Educators are encountering more "wounded students" in their classrooms, but experts say they don't always know how to address their needs.
The founder of a group who aims to help these students spoke recently at the National Youth-At-Risk Conference in Savannah.
Abuse, neglect, violence, poverty, loss and witnessing the abuse of a parent or sibling can lead to symptoms of trauma in children, The Savannah Morning News reported.
Educators must work to restore the self-esteem of such students, said Joe Hendershott, founder and chief executive officer of Hope 4 the Wounded in Ohio.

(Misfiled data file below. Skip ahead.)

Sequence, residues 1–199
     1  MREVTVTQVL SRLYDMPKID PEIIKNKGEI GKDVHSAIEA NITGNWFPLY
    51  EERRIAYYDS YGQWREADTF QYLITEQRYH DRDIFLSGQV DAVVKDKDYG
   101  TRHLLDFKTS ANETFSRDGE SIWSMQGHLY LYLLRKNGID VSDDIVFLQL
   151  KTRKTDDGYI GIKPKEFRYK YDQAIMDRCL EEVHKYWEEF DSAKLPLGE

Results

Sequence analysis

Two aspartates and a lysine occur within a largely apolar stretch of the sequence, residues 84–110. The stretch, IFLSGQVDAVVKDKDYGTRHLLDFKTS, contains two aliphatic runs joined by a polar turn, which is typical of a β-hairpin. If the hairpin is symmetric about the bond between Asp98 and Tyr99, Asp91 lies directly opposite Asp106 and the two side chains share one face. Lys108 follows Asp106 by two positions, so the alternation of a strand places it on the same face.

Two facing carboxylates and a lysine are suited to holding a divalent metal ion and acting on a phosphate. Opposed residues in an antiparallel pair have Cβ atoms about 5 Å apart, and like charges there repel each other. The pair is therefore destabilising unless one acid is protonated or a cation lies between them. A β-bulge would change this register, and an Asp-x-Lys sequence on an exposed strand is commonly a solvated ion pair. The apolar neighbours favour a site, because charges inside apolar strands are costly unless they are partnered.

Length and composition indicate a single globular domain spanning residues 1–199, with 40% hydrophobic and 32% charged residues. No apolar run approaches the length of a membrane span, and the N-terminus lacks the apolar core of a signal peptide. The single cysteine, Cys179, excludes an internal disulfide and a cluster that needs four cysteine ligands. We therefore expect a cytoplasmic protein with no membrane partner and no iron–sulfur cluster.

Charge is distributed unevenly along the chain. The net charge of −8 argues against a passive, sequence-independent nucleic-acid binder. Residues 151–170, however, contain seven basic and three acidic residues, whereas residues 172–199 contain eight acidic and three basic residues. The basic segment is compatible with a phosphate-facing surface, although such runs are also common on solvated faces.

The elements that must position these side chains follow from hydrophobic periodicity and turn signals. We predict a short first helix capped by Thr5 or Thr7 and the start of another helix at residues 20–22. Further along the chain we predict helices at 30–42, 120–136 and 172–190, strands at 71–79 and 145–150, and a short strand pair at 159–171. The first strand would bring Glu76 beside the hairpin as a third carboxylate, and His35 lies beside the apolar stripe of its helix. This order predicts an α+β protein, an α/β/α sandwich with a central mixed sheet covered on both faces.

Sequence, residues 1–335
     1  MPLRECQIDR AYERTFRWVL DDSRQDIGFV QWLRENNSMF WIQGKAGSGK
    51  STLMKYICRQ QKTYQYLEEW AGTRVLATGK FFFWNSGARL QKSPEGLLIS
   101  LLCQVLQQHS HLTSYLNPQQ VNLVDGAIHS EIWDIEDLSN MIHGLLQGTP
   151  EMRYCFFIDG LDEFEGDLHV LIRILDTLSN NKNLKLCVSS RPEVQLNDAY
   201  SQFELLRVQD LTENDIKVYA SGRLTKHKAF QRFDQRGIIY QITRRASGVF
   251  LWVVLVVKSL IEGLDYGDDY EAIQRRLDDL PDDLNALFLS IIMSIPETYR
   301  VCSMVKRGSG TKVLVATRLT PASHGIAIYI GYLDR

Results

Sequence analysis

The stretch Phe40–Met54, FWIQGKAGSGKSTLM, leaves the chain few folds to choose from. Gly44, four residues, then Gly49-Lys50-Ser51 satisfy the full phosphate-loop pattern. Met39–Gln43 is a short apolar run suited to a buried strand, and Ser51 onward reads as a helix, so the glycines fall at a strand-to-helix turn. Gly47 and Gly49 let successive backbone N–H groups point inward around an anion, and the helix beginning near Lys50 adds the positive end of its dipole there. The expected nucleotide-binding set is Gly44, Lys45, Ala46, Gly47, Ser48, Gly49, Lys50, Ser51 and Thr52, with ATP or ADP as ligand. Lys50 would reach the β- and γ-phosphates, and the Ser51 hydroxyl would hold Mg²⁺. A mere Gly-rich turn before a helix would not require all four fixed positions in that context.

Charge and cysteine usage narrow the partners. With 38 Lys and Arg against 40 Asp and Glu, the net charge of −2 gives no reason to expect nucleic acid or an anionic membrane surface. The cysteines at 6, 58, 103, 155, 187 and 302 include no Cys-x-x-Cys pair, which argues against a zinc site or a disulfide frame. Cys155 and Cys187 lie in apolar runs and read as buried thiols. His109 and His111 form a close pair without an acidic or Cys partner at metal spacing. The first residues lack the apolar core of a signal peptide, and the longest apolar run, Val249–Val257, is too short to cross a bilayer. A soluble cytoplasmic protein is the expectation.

"Every behavior is a teachable moment," he said.
The term "at-risk youth" is common in education, but Hendershott said the term "wounded" goes beyond at-risk.
"Wounded means something traumatic has already happened in the life of a child," he said.
Social media is affecting the way youth relate to one another and has contributed to the rise in wounded students, Hendershott said.
What works for wounded children is not more punishment, but compassion and education. Service projects are more effective than suspension or expulsion, he said.
The conference was hosted by Georgia Southern University's College of Education.